Rust on Steel types.

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Itsjun

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I own a couple of carbon knives.
It seems to me that white 1 and 2 rust more often.
I left my white2 knife unused for a week and rust begin to form.
Whereas my blue steel knives doesn't rust as often as my white steels.

Anyone can give some advice how to keep my white steels knives rust free longer?
I would like to use them as often as possible because they gives a very sharp edge compared to blue steels.
But this problem is preventing me from using them that often.
Some times it has patina but still rust.
Applying oil doesn't really help because I'm in a commercial kitchen.

Any expert can advise on this?
 

slickmamba

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Why doesn't applying oil work? And yes, blue has a higher chromium content iirc, giving it slightly better rust prevention.
 

Briochy

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Have you tried forcing patina? Honestly, can you actually tell the difference between the sharpness of white compared to blue steel? It should be very minute that you shouldn't be able to tell. Maybe it's just different heat treatments that caused the difference.
 

HRC_64

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blue steels are designed to do exactly what you describe...hence the small amount of alloying elements

IMHO, the most important is put it away/set it aside FULLY dry,
and don't put it down on a clean board that is still damp
if you are gonna leave it for a while.

This can be hard to achieve in certain environments thata are
outside your control, unfortunately


white steels need to be kept drier, wiped cleaner, etc just that extra bit more...
 

madelinez

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Blue steels contain small amounts of chromium, like 0.5% versus 12.5% for stainless but it's better than white's 0%. I've noticed the same thing, my friend's SC125 (similar to white) will rust if you look at it funny where as my blue knives you can leave wet for a few minutes without a disaster.
 

Briochy

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I have a white#2 (albeit stainless clad) that has a great patina formed on the exposed edge and I have no problem leaving it slightly damp for 30 minutes while I finish eating my dinner. I'd argue that my slight negligence is what caused patina to forms so quickly and prevent an actual rusting.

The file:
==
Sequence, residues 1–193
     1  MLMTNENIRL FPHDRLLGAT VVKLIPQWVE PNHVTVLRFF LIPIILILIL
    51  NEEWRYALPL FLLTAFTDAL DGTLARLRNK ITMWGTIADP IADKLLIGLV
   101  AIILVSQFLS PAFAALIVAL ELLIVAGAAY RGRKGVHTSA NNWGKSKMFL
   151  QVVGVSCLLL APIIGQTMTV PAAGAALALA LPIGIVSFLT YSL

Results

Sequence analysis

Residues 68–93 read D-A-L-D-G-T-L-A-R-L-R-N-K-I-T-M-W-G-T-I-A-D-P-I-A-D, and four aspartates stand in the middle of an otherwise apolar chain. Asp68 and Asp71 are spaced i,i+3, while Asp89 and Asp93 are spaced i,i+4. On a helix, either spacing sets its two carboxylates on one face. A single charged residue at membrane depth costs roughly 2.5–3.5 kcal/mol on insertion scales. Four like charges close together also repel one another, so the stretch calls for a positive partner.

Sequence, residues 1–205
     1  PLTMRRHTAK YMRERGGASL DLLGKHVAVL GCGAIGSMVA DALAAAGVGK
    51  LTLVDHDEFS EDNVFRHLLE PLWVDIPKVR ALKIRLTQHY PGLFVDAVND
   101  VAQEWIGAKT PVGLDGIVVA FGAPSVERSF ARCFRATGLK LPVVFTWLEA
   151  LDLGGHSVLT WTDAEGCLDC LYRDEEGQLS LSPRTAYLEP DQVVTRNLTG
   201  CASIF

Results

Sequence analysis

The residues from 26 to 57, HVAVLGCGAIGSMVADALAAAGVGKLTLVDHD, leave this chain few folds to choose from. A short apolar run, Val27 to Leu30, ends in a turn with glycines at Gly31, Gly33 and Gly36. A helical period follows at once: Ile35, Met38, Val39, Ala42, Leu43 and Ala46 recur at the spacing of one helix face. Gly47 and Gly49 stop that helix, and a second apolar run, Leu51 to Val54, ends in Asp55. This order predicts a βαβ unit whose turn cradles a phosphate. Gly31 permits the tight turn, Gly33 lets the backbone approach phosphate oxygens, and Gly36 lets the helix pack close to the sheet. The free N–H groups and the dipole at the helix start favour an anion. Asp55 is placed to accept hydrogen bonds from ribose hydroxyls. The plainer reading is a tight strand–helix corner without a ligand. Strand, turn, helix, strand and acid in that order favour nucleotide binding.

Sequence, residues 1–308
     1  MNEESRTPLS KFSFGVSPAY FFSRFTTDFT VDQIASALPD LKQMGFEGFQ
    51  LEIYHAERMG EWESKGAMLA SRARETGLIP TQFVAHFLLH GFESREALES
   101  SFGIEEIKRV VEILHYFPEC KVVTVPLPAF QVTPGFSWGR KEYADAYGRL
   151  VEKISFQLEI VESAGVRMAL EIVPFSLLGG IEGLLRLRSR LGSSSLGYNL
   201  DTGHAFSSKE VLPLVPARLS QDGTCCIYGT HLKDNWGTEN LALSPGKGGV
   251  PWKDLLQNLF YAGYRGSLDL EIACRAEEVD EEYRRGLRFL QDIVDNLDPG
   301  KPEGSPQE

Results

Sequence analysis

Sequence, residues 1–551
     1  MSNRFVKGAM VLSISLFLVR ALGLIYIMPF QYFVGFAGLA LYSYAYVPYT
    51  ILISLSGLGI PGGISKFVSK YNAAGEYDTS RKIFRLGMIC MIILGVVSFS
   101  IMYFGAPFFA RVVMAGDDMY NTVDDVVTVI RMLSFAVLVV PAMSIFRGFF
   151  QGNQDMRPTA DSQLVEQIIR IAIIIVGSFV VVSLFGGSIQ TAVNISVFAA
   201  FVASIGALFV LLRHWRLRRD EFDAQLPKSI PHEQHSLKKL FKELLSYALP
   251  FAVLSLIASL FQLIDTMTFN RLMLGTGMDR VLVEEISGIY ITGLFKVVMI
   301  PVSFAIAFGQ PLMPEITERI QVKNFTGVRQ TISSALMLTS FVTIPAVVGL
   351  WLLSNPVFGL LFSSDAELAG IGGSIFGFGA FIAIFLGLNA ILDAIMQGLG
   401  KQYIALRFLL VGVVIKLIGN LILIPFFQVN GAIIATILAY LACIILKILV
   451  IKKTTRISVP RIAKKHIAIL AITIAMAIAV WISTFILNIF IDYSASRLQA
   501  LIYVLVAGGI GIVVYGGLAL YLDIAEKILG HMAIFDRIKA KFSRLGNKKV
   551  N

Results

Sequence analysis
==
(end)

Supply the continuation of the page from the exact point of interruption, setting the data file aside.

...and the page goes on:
bahamaroot

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How is it stored? Can keep the blade wrapped in VCI paper when not in use unless it's in a block.
 
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Briochy

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Yeah, that's a good idea, wrapped in VCI paper (the same one as most blades are shipped with).
 

M1k3

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I own a couple of carbon knives.
It seems to me that white 1 and 2 rust more often.
I left my white2 knife unused for a week and rust begin to form.
Whereas my blue steel knives doesn't rust as often as my white steels.

Anyone can give some advice how to keep my white steels knives rust free longer?
I would like to use them as often as possible because they gives a very sharp edge compared to blue steels.
But this problem is preventing me from using them that often.
Some times it has patina but still rust.
Applying oil doesn't really help because I'm in a commercial kitchen.

Any expert can advise on this?
When left for a week, oil it. Wash before use.
 

Matus

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Not only Cr increases resistance to rusting/staining. Other alloy elements can have similar effect. With that said - 52100 (1.5% Cr) stains a in a very different way to purer carbon steel and does not make the jump from patina to rust quite as easily. Quick googling on the matter yields articles/info that suggests that W also improves corrosion resistance - and there is quite some of it in blue steels. But this would be something that @Larrin could give us a more relevant input on.
 

madelinez

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Not only Cr increases resistance to rusting/staining. Other alloy elements can have similar effect. With that said - 52100 (1.5% Cr) stains a in a very different way to purer carbon steel and does not make the jump from patina to rust quite as easily. Quick googling on the matter yields articles/info that suggests that W also improves corrosion resistance - and there is quite some of it in blue steels. But this would be something that @Larrin could give us a more relevant input on.